Apparently, Dan saw the driver, the driver saw Dan. And the driver accelerated into the puddle/lake/inland sea.
Slogging along the Pilgrim’s way I started to think “this isn’t so bad”. It was madness. There were puddles I could have drowned in. The rain was relentless. I was soaked. Dan was soaked. I saw walkers coming down Sundridge Hill. They looked wetter than me. I saw horses huddling under trees. They looked wetter and more miserable than me. I took no comfort in this.
There were rivers of water flowing down hill as we descended Sundridge. There was gravel and cow shit and all sorts of detritus. My gloves were saturated, if I made a fist water cascaded out of my gloves.
And then the ascent to Ide Hill started. Water streamed down both sides of the road. At one point there was a manhole cover in the middle of the road with water gushing out of it.
That’s not too far from the truth. My first thought was it was a fatberg.
We got to Yorks Hill. But not before I asked a cyclist coming down if the event had been cancelled. No such luck.
I tried to sign on. I signed on. I got my numbers. My fingers didn’t work. I got help. I tried to drink a cup of tea. That went everywhere. I was shaking like a dog shitting snowballs.
We met Laurence and Elin, from Brighton Mitre. Laurence had gone up in the vets earlier, Elin was going for the big weekend of hill climbs (2 at Brighton, then Catford and Bec). I was still shaking, Laurence offered the use of his turbo. And I’ve just pieced something together….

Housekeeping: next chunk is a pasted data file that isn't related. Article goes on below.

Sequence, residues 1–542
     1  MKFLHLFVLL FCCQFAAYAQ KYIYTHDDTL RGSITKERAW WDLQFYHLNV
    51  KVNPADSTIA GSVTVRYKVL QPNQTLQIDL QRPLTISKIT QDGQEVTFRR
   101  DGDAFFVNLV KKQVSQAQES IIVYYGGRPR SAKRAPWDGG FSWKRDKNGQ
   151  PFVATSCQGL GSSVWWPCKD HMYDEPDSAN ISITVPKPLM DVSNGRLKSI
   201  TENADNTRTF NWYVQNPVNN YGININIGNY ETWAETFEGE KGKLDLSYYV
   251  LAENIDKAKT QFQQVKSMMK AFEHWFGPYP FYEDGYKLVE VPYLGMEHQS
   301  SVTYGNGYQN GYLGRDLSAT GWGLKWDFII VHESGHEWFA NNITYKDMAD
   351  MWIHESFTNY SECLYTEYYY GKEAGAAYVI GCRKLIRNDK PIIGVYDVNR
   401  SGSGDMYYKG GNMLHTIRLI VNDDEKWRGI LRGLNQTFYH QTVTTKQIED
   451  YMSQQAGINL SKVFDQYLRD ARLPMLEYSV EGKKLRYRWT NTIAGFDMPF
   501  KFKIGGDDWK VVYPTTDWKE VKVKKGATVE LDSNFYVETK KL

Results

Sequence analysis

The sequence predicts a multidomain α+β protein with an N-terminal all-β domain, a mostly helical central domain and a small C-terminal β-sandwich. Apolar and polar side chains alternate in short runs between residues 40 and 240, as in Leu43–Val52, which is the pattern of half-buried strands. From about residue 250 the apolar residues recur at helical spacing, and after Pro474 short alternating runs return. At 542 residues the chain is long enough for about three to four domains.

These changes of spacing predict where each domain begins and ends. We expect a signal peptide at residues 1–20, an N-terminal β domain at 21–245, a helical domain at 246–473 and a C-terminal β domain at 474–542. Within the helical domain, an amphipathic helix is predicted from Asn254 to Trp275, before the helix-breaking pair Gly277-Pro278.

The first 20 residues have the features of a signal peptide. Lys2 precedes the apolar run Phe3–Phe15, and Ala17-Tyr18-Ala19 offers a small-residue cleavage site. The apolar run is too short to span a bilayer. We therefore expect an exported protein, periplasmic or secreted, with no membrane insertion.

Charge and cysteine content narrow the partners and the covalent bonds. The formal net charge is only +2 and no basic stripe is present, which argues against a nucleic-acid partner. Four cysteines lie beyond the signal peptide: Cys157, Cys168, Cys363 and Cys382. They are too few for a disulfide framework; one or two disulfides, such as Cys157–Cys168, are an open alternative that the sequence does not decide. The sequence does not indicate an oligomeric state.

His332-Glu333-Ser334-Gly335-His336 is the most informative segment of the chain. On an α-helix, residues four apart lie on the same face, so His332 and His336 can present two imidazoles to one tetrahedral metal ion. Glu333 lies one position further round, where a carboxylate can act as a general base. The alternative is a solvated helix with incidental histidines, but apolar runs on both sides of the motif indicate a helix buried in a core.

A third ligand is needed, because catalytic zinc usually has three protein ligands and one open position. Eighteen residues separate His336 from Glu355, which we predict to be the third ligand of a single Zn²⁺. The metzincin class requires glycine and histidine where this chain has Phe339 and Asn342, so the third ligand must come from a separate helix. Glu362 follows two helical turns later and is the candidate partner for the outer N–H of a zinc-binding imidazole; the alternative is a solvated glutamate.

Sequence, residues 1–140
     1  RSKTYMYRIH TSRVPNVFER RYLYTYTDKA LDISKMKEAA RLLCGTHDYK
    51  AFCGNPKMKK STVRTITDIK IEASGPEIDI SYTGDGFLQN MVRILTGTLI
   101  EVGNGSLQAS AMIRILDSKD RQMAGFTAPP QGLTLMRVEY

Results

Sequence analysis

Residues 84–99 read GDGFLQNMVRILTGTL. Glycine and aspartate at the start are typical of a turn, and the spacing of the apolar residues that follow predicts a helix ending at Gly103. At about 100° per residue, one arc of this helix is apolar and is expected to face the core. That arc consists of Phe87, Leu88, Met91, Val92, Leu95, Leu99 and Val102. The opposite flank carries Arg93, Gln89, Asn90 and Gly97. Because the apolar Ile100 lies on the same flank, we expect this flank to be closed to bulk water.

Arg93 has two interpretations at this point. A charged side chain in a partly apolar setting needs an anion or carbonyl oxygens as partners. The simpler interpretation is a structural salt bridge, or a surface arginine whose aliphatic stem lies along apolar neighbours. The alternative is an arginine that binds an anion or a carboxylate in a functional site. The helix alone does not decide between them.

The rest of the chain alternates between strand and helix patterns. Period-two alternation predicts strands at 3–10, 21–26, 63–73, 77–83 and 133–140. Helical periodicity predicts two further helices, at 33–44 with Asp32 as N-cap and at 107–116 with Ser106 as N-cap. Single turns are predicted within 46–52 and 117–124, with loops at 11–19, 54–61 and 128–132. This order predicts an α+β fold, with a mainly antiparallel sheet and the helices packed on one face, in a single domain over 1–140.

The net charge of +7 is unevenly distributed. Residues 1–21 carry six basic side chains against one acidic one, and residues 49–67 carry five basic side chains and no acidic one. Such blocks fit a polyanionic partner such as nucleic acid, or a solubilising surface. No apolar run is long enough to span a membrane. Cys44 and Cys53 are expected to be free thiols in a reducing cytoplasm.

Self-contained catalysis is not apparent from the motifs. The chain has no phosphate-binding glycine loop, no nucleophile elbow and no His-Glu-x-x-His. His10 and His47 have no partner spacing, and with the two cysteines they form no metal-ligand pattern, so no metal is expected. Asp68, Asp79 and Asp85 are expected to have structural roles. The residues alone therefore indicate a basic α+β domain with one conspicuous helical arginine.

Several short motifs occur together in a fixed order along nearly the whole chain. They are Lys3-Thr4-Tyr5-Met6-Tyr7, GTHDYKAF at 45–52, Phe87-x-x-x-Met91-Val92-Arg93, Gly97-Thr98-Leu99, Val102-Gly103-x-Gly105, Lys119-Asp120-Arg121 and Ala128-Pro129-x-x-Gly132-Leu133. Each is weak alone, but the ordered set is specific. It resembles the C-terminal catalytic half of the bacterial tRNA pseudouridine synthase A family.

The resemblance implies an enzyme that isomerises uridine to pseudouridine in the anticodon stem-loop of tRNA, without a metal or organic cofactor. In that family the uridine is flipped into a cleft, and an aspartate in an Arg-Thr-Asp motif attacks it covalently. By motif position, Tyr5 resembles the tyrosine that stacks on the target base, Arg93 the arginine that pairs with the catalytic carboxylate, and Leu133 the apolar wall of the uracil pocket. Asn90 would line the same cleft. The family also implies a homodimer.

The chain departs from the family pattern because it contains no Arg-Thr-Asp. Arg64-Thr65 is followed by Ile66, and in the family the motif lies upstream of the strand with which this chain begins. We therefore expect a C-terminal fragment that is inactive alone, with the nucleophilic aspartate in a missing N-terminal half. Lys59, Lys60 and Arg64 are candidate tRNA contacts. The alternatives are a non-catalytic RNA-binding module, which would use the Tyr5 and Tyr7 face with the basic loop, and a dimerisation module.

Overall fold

I stayed warm, and then went to dump stuff off. I saw Dan holding all sorts of bits of kit and attempting to stay dry. I negotiated the slopes and crowds and got down to the bottom. I had a pre race wee.
I started letting air out of my front wheel. More on that later. A number of riders asked how much I was letting out. I replied “I don’t know, a bit?”
Then I noticed my rear tyre. It was totally shredded. There were huge rips to the rubber, and how I didn’t puncture I’ll never know. And this is where I say how mental people can be and how amazing they are when you’re part of their tribe.
Martin/Matthew from club to be determined, was in a car near the bottom (white Merc, very nice). And he noticed me looking forlornly at my wheel.
“puncture? do you want to borrow my wheel?”
I initially said no, and then changed my mind. I was still shivering at this point and was about to come up on my gel. I couldn’t get my wheel out and his, amazingly bling deepsection tub, on. He took over, whacked the wheel in, checked the changes and off I went to the start. Then I had a look at my front wheel. Oh. I’d taken it from ~90 PSI to ~35. Hmm. No pump at the line and my minute man was off up the road. F U C K. My as well try eh?
I explained to my holder I couldn’t be sure I wouldn’t wobble as I was shivering. Every time I do the Catford I’m amazed and impressed at how solidly I’m held and how little I move. It’s very very calming.
“3 2 1 go. Go on Damian!”
It all felt ok, for a bit. I was going smoothly, then the first bit of incline slowed me, my head started to wobble, I started to lose motivation (which is odd for me on Yorks, but totally understandable to more normal people I suppose). I got at least two boosts in confidence by someone shouting “go on”. Then I saw a small family, they cheered me on with “allez” and “go go”. I wasn’t very happy here as it was at the first turn I think. I may have thought bad things.